The law, however, will not stop at published journalists. It broadly defines terrorism as any act designed to harm public order, social peace or national unity, consequently posing a threat to a long list of individuals who do not see eye-to-eye with Sisi. 

According to BBC columnist Bill Thompson, “They’re trying to control all of the avenues through which information can get to people because they’re concerned about the impact it might have. And even if the intentions are good, it will have a chilling effect because the penalties can be so severe…I just worry that the flow of information particularly within Egypt about these important things is going to be so limited that the population won’t have the information they need to make good choices or to influence the policy of the government. It gets in the way of politics if you say you can’t say anything except what the government allows. That’s the danger.”

Sisi’s strict anti-terrorism law is largely an attempt to maintain order in the face of increasingly routine jihadist attacks and the assassination of Prosecutor General Hisham Barakat in particular. If the events immediately following the signing of the law are any indication—peacekeepers looking to pull out of the Sinai Peninsula, a security building bombed, and four Palestinians kidnapped—the law will bring anything but peace.

Tuesday, 18 August 2015

It’s A Vulnerable World: mid-August 2015

Early August brought renowned security conferences Black Hat and USENIX, and with them came a seemingly endless list of vulnerabilities. With Tor, Apple and even the Internet of Things on the roundup below, it’s hard not to wonder if anything remains secure:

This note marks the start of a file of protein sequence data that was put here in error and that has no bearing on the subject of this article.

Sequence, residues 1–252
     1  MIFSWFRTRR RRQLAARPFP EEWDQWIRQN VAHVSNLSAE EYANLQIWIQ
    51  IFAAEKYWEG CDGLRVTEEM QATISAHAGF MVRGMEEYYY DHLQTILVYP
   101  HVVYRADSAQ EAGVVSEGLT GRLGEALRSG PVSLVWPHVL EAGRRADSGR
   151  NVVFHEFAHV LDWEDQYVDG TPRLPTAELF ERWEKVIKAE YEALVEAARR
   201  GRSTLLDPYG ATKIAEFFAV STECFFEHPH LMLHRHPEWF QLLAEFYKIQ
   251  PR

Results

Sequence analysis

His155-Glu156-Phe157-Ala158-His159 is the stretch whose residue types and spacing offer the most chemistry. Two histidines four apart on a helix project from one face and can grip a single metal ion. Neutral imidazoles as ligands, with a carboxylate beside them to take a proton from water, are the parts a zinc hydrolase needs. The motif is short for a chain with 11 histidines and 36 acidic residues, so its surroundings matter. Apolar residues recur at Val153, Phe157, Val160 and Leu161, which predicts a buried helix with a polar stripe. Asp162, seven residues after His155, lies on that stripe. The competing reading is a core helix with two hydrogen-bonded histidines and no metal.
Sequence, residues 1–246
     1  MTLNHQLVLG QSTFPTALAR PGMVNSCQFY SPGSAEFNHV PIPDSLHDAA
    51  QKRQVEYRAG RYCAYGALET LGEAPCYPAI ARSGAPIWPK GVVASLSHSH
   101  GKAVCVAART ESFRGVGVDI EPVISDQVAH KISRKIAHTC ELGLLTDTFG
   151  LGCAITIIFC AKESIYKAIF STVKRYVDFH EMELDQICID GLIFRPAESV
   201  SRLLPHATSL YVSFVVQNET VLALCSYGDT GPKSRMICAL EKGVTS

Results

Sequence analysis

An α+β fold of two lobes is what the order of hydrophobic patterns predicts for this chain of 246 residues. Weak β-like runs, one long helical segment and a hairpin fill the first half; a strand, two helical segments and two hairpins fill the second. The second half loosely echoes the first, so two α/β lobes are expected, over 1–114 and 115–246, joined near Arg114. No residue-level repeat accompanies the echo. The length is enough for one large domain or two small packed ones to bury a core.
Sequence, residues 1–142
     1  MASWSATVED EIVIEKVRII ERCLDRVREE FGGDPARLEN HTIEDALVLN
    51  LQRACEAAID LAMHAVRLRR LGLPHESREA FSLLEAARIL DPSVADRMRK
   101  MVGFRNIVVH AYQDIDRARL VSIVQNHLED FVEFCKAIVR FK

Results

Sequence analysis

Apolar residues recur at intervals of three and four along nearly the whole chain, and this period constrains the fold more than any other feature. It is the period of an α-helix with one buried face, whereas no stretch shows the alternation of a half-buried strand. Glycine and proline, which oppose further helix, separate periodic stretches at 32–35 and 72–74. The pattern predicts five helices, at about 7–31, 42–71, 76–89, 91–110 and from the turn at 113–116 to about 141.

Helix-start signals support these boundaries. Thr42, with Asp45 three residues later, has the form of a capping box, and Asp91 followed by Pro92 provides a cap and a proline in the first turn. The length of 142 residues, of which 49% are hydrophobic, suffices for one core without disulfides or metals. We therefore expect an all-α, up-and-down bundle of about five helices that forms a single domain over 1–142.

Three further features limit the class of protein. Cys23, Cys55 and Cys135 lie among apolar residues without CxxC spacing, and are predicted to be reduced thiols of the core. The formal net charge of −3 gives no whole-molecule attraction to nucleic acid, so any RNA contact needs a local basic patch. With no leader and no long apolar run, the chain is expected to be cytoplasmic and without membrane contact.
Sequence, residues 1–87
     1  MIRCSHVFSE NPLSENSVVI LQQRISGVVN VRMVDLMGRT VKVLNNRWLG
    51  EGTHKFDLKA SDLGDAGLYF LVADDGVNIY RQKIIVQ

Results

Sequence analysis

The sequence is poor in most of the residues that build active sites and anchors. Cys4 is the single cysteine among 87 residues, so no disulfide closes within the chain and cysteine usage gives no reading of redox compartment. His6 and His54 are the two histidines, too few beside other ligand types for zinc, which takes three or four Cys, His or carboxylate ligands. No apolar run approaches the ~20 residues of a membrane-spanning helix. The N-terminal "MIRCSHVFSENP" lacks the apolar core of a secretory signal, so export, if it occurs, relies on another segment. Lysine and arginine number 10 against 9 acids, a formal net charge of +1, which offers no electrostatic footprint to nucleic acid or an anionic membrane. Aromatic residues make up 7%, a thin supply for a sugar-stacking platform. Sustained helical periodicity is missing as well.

Challenging the notion that Apple computers are inherently secure, researchers proved that even the Mac can succumb to the attack of a firmware worm. Researcher Xeno Kovah highlighted the severity of such an attack: “For most users that’s really a throw-your-machine-away kind of situation. Most people and organizations don’t have the wherewithal to physically open up their machine and electrically reprogram the chip.”
The United States Food and Drug Administration warned that the Hospira Symbiq Infusion System is vulnerable to takeover by hackers and advised against its use. The pump system is commonly used to send medication into the bloodstream of patients in hospitals and other healthcare facilities.